Looking ahead


I must confess, I have avidly read and followed every single bit of the development, production and implementation of the vaccines.  So, why has this fascinated so many including myself?  The rollout of the vaccines in Britain has certainly been impressive and once again science is leading the way forward to perhaps a more normalised world?  There are still so many questions though that lingers in the minds of the scientists and the non-scientists alike.  What will the world be like again?  Will we go back to being the pre- covid creatures that we used to be?

During the pandemic we have had the luxury of hiding behind our masks, shun human society, stay aloof, sanitize everything, endure long, unruly hairs, pretended to be teachers and locked ourselves away.  If someone had suggested this a couple of years ago, I would have gone ballistic.

And…as Easter draws nigh, I ponder on the death, crucifixion and the resurrection of Christ.  Good Friday is observed on the Friday before Easter Sunday.  On this day Christians commemorate the passion or suffering and death on the cross of Jesus Christ.  During Easter we celebrate the victory of Christ over death and the resurrection of Christ fulfilling the prophesies prophesied many centuries ago. Easter signifies a new dawn of hope, salvation and life eternal.

As I write this, I ask myself, do I as a Christian rush the good Friday moment so that I can feel jubilant and victorious immediately on Easter Sunday.  Similarly, in life, do I try to rush and make sense of things, rushing to fix things, instead of just living with the mess for a while?  Am I ok to be not so ok sometimes?  This pandemic has challenged me in more ways than one.  I have asked myself, have I beheld the solemness and the quietness of the pandemic?  Have I allowed myself to be broken and confused over this period or have I rushed to find the answers in the doctors, vaccines and the scientific data thereby produced?

Of course, I have waited for the vaccines with much anticipation and hope.  And of course, it has given me hope along with the countless millions around me.  And vaccines throw open wide the possibility of the opening of a lockdown, the start of holidays, hugging, embracing and doing the simple, ordinary things of life that I have temporarily forgotten.  But I also, ask myself, am I rushing to reach the other end quickly and not stopping by at the present? I just discovered from a lovely colleague’s art work the other day, which says “I didn’t realise the value of this moment until it became a memory”.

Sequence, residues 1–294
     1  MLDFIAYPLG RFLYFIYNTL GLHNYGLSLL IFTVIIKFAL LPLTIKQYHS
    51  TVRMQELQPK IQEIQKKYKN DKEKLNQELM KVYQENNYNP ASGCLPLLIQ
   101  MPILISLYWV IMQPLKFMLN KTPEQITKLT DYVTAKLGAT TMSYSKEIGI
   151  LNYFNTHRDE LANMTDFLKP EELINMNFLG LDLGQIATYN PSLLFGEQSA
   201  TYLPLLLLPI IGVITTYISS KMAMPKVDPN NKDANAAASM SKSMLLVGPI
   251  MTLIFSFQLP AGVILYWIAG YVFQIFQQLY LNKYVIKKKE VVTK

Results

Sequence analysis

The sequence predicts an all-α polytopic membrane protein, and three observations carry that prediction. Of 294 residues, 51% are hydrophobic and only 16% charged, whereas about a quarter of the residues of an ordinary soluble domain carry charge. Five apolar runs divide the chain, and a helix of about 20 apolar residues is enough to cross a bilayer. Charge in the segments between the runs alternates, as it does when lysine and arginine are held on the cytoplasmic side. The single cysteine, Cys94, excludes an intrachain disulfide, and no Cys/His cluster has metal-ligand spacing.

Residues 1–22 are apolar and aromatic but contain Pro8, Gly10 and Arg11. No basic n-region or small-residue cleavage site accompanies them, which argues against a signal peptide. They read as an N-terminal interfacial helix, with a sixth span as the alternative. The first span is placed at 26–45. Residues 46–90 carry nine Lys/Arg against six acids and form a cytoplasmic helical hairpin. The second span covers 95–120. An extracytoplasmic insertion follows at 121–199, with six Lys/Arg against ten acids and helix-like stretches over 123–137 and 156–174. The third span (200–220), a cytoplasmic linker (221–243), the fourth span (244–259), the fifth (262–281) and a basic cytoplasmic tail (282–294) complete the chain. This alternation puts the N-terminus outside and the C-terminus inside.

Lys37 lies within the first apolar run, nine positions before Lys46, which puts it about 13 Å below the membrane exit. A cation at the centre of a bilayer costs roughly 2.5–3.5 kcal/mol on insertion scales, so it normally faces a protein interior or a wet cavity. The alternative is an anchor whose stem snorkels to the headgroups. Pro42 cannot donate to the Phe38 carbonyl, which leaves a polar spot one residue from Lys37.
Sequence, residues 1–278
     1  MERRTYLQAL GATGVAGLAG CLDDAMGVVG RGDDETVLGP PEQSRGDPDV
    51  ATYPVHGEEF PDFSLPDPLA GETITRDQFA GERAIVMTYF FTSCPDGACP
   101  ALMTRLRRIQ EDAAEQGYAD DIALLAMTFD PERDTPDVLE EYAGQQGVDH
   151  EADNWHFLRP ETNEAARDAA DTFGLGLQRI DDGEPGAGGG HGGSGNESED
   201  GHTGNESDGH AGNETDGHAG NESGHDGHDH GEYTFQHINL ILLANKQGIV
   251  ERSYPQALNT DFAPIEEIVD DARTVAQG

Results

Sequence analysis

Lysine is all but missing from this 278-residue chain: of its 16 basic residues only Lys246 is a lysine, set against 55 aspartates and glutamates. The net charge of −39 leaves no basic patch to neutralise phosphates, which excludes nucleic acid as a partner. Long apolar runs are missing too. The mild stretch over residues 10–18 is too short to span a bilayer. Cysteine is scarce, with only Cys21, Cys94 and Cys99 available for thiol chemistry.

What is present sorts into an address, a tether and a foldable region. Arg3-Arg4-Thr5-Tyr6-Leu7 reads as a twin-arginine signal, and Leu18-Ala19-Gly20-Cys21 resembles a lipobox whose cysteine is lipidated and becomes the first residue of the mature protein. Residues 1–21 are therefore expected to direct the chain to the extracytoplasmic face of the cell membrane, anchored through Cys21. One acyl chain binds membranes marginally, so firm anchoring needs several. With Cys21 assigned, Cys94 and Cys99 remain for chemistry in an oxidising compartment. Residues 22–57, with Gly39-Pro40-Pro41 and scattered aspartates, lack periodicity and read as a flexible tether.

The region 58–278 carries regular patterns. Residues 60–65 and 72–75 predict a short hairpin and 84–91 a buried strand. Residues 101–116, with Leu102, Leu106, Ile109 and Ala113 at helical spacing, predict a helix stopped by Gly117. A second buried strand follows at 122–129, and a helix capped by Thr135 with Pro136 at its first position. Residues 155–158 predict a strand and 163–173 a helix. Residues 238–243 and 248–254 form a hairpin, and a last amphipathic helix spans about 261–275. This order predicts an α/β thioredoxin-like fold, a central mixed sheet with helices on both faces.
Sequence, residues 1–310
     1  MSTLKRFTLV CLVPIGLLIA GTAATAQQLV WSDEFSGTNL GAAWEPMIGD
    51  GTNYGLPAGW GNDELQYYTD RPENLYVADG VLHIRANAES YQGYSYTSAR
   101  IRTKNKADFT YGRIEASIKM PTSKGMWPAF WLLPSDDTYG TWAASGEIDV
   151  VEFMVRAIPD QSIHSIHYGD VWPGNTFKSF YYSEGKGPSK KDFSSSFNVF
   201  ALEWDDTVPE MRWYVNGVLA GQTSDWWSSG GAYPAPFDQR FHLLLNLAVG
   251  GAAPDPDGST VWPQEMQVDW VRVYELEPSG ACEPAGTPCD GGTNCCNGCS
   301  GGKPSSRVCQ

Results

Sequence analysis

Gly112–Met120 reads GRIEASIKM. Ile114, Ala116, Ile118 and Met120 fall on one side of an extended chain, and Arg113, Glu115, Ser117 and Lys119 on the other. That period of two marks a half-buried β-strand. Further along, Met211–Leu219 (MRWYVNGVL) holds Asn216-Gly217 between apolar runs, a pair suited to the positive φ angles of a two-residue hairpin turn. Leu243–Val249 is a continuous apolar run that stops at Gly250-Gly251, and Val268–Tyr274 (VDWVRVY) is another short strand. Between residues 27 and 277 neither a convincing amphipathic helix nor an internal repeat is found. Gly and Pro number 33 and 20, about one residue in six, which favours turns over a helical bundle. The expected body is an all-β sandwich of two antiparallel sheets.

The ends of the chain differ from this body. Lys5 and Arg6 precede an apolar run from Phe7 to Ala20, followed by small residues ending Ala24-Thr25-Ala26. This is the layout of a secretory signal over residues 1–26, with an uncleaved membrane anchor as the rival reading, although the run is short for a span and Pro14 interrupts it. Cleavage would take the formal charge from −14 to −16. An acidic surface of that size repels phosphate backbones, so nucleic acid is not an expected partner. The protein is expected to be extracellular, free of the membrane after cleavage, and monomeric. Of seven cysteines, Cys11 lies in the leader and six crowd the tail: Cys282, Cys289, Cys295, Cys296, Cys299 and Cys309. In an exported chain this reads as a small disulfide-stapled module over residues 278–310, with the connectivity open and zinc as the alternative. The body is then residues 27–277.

Being still and embracing the season can also be healing.  Crying with those who cry can also be good.   Being at a loss with no words to speak can also be right.  Being lost and confused can also be rewarding.  Being broken and sorrowful can also put things in perspective.  It is also good to allow oneself to be broken, so that the healing can come through – for healing and restoration comes when we are truly broken. KINTSUGI is the Japanese art of putting broken pottery pieces back together with gold – built on the idea that in embracing flaws and imperfections, you can create an even stronger, more beautiful piece of art.  Every break is unique and instead of repairing an item like new, the 400 year old technique actually highlights the “scars” as a part of the design.  As a result the restored piece is even more beautiful, unique and resilient.

I welcome the vaccines but I also look back at the challenges the pandemic did bring into our lives. It wrecked houses, tore families apart and took many a livelihood and lives away.  It brought in pain, sadness and death.   In the Bible, in Mark 15:37-39 the story goes, “the centurion was just doing his job that day on Good Friday but something unexpected and dramatic happened.  As he looked at the broken, bloody body of Christ hanging above him, he encountered the Son of God.”  Dare I say his life changed forever.  He chose to look at the person on the cross and chose to dwell in the moment.  Like the centurion many of us have also looked around at the chaos inflicted by the pandemic and have encountered treasures beyond measure.

Perhaps we will all be like those broken pottery rebuilt again, healed and restored with gold.

And as we eat our Easter eggs this year which represents new life, let us continue to hope and breathe in the beginnings of a new dawn.  This is what Easter is all about.

I look ahead to good times…of healing, restoration, celebration and jubilation.  Do you?

Wishing you a blessed, restful, joyful Easter.



This months blog was written by Grace Palmer, our Chaplain at YMCA Burton

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